The next target, also considering the higer stakes coming from the MySQL Enterprise challenge, will be Quality Assurance.
Quality AssuranceNow what is Quality Assurance (QA)? If you think that it's just bug hunting, then you have a simplistic view of the software generation lifecycle. QA deals with all the steps in the software lifecycle, and at each steps there are actions that can affect the quality of the final outcome. QA components include (but are not limited to) failure testing, statistical control, process and performance control, best practice adoption.
MySQL AB has its own QA department. Those of you who attended the MySQL Users Conference may have had a chance to attend a presentation by senior QA manager Omer BarNir about Internal QA in Open Source Development, where he explains the challenge of being a QA professional in such a dynamic company (presentation slides ).
Software testingSince MySQL is a software company, finding bugs is important, of course, and software testing is one of the main branches of QA, but the crucial part of finding bugs is not how many you can find, but when you find them. The earlier you find a bug, the less costly will be to fix it.
Looking for bugs as soon as a feature pops up in the development lifecycle is just part of the task. The way you look for bugs is different from person to person, depending on who you are:
- a developer with an intimate knowledge of the code may find low level bugs that nobody else can catch, with tools like code peer reviews and walkthroughs;
- a professional tester, even without development experience, may find functional bugs by testing the application with a methodical approach;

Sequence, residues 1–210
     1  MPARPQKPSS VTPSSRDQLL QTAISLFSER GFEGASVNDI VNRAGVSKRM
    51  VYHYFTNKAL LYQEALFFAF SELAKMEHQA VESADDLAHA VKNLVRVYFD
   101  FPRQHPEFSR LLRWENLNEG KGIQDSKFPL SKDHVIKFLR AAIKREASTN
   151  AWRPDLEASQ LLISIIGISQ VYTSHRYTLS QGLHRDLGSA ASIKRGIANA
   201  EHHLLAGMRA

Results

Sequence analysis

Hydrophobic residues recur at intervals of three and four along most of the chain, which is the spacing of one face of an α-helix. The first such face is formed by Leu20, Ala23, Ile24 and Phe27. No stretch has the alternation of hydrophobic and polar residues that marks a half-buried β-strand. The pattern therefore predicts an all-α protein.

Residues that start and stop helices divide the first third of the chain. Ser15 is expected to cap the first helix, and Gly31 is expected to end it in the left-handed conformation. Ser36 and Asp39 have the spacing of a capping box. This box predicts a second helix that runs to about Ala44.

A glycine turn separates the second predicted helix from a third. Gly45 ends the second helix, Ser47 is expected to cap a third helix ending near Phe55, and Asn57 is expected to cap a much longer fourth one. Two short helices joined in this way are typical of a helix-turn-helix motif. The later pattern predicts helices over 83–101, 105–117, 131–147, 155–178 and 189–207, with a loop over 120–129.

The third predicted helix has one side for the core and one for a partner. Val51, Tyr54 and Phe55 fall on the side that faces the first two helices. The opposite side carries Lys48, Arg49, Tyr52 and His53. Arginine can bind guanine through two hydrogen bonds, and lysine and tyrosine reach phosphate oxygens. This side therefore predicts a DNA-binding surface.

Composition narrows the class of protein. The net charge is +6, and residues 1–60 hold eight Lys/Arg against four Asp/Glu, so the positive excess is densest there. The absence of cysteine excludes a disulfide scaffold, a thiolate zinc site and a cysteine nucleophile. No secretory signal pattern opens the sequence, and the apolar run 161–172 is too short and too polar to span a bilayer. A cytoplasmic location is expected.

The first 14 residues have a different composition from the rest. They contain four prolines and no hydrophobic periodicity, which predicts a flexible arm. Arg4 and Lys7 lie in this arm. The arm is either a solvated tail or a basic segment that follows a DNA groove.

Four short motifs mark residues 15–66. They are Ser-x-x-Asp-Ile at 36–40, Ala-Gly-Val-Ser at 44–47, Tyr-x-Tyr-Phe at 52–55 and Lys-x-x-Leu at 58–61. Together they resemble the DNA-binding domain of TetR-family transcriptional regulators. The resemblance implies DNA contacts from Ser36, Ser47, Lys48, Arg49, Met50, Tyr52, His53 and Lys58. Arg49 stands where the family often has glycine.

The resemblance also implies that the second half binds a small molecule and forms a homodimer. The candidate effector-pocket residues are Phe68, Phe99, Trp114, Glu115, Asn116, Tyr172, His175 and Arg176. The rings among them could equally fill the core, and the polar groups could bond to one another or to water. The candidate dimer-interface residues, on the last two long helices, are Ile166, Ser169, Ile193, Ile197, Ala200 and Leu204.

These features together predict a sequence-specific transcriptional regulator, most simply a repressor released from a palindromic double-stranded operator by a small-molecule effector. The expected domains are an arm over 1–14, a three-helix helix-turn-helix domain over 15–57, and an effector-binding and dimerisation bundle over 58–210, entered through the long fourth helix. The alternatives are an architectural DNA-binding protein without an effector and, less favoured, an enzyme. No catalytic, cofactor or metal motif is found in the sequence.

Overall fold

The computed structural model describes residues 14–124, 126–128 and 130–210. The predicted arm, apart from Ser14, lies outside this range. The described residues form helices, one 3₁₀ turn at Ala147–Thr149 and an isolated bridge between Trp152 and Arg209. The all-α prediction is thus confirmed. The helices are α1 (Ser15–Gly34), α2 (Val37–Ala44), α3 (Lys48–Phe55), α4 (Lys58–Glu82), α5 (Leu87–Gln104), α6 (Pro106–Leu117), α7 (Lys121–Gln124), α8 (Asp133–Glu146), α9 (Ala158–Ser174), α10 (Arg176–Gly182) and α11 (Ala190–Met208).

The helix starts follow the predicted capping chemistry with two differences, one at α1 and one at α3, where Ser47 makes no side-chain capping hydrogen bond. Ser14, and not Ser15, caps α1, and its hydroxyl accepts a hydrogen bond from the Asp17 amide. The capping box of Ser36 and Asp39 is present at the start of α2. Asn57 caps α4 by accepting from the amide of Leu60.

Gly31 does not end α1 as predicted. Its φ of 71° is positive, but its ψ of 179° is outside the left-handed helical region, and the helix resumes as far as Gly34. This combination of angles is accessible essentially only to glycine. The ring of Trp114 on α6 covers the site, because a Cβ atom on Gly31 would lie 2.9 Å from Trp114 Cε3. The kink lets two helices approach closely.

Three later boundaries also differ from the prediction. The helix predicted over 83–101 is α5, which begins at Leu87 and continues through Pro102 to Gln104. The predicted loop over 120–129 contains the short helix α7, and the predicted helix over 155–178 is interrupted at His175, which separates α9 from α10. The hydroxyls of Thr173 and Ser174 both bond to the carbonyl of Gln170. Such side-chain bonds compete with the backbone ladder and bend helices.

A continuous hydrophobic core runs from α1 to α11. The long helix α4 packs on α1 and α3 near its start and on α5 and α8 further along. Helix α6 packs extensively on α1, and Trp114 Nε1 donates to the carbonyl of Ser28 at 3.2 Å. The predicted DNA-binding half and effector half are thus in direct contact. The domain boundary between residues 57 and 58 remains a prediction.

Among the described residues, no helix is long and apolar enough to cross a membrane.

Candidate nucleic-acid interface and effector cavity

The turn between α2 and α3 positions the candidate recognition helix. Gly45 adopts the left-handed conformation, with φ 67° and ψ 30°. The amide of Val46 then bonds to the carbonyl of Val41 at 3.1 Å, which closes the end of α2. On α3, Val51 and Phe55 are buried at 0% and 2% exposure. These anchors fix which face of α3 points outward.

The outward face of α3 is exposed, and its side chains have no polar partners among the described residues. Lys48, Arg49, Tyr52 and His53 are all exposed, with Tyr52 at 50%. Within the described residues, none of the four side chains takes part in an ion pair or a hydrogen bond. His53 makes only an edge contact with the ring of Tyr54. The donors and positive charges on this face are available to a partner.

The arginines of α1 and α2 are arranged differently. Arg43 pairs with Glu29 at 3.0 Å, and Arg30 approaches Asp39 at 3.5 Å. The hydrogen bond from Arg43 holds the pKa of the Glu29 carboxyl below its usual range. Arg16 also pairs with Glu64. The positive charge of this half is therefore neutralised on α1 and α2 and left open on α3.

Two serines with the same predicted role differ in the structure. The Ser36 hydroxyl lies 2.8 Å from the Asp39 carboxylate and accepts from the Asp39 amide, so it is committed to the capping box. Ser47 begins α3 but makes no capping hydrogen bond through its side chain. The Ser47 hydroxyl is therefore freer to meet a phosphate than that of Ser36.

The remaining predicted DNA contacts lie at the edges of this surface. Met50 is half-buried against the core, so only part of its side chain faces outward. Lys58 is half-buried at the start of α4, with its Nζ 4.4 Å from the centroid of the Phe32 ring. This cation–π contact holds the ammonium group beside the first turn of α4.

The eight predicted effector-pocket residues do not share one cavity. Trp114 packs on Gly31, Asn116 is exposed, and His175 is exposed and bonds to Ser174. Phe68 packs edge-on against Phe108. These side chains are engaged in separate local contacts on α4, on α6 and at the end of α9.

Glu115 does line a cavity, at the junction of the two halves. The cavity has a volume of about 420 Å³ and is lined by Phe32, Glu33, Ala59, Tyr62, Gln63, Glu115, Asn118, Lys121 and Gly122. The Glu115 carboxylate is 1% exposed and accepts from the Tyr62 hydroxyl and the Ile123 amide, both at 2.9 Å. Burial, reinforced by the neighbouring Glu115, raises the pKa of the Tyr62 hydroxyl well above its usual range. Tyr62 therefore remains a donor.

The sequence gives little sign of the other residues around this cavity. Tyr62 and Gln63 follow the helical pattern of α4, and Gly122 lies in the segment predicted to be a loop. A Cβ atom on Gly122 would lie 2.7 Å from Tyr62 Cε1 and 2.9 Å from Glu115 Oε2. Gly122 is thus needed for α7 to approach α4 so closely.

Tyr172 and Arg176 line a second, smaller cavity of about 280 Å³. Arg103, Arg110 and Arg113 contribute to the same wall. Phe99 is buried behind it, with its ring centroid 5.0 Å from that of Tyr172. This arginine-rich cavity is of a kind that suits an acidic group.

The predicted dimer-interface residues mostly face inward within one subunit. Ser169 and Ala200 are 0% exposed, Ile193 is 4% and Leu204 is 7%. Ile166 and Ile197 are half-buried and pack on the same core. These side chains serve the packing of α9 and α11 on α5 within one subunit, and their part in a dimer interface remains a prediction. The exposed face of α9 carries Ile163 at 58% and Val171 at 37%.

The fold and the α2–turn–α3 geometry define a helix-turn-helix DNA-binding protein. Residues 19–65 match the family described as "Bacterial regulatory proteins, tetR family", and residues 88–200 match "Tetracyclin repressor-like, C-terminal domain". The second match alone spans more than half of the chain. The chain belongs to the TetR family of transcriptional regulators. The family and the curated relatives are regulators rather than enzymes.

- the final user, who does not have to know any of the above, may find bugs by simply using the application and comparing the results with earlier expectations.
Obviously, the bugs that affect the final users are the ones for which you care most, and it would be of mutual benefit to find these bugs as early as possible.
Community involvementFrom the above explanation, you can see what the problem is. No matter how skilled are the professionals at this job, finding all the bugs is impossible. You can take any book on this subject, and every one of them will tell you the same postulate: You will not find all bugs. One thought is especially discouraging for us. Although the QA professionals find a lot of bugs, those which you neve hear of, because they are fixed before you hit the download button to get the application, there are still the ones that affect you, the final user, the most important party involved.
Therefore, here is the idea. We want to involve the community of users in our Quality Assurance activities.
How can we do that? To tell you the truth, we have plenty of ideas on what we can do and how to promote it. After all, until one month ago I was still just one of the many community members, and I have some ideas.And there are many brilliant people in house who came up with promising ideas.
But at this stage I don't want to tell you what I think it should be done, but rather listening to what users propose.
The questions to answer are:
- how can MySQL involve the users in earlier bug finding?
- how can MySQL involve the users in its testing process?
- what else can community members do for QA? (hints: bugs verification, performance testing, standard compliance testing)
- What kind of incentive would make you (more) willing to cooperate? (hints: public recognition, free services, discount on services, contests with prizes)
Thanks in advance!
Also published at O'Reilly Databases